Access to Healthcare Number One Priority Among Americans

Kathleen Blanchard's picture
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A first poll ever has found that Americans place highest value on access to care when it comes to making decisions about spending money on healthcare, placing health products and services lower on the list. Access to health care was ranked significantly higher than all other health products, including preventive services and mental health.

Responses of Americans about the importance of access to health care were extracted from The Spectrum Health Value Study™, the first study of its kind. The poll was designed to measure the importance of health care products and services from a personal financial decision-making perspective.
Americans responded that access to health care services is a number one priority, the first priority being access to physician services, followed by hospital medical services, then emergency room services.

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The study showed that access to health care also ranked higher than substance abuse, mental health services, and mental retardation services. John J. Seng, president and CEO of Spectrum says the findings cannot be overlooked in the debate over health care reform. "Health reformers cannot afford to overlook how everyday constituents, when faced with difficult trade-offs, place a relative value on health services and products as they would spend their own money”, says Seng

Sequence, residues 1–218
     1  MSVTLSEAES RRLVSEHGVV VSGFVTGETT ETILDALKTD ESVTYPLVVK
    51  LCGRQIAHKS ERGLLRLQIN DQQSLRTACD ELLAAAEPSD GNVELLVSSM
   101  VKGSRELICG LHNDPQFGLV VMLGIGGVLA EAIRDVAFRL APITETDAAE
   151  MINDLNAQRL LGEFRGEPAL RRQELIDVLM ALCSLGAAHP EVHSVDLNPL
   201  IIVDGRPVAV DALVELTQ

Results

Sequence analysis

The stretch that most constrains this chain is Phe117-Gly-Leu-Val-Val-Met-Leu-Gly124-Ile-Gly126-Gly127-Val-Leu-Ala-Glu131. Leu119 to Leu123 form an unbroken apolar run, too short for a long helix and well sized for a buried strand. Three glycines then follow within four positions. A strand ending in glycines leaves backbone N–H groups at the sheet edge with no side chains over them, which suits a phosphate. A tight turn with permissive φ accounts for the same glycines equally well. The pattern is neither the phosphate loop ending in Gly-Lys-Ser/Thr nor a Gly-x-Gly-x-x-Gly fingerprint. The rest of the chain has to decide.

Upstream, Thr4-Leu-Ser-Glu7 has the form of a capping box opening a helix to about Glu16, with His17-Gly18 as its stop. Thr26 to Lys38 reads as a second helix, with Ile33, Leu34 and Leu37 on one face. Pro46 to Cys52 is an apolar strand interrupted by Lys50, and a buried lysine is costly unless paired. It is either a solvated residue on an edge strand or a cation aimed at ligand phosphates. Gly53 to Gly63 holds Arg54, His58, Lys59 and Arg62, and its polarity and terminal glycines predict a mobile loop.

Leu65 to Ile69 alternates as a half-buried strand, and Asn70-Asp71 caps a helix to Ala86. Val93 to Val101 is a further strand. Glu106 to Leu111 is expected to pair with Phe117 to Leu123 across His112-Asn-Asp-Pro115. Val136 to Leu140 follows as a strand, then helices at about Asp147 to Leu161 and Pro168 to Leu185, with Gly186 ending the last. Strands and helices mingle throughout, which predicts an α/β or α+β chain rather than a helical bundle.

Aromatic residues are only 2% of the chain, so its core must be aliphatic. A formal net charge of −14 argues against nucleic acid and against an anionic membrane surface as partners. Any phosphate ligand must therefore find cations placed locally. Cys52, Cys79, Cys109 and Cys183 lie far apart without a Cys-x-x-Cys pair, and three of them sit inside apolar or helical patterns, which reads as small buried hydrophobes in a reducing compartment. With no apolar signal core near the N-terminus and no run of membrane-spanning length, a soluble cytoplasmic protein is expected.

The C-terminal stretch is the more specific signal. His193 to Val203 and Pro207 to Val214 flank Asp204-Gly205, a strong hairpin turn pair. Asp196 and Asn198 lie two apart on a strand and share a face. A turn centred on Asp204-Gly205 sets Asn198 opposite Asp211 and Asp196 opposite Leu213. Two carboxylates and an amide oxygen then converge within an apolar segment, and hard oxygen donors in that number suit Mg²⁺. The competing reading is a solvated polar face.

Audrey Spolarich, Spectrum's senior advisor for research says when it comes to spending money, Americans say, “it's all about access to care”. Americans place mental health and prevention services lower on their list of priorities.

Other findings from the study revealed that sixty nine percent of Americans believe costs associated with health care benefits and services are ultimately paid by individuals. In addition, most Americans say they do not use preventive health care services regularly, and when they do they are dissatisfied with the quality, thought they do place value on preventive health services. Americans realize there is an obesity epidemic, but do not take advantage of nutritional counselling services. Those that do, say they are unsatisfactory for helping with weight loss. The study also showed that health insurance coverage dropped from 82 percent in January to 74 percent in April. Americans simply want access to health care when they need it.

The most interesting finding showed that Americans place slight value on emergency relief and preventive services associated with the recent H1N1 flu outbreak. Spectrum plans to continue studying the health values of Americans, and plan to publish the results on a quarterly basis. The study asked the respondents to make choices about 27 health care services and products. The first round shows that Americans value access to health care above other health products and services. The study is ongoing at www.healthvaluestudy.com.

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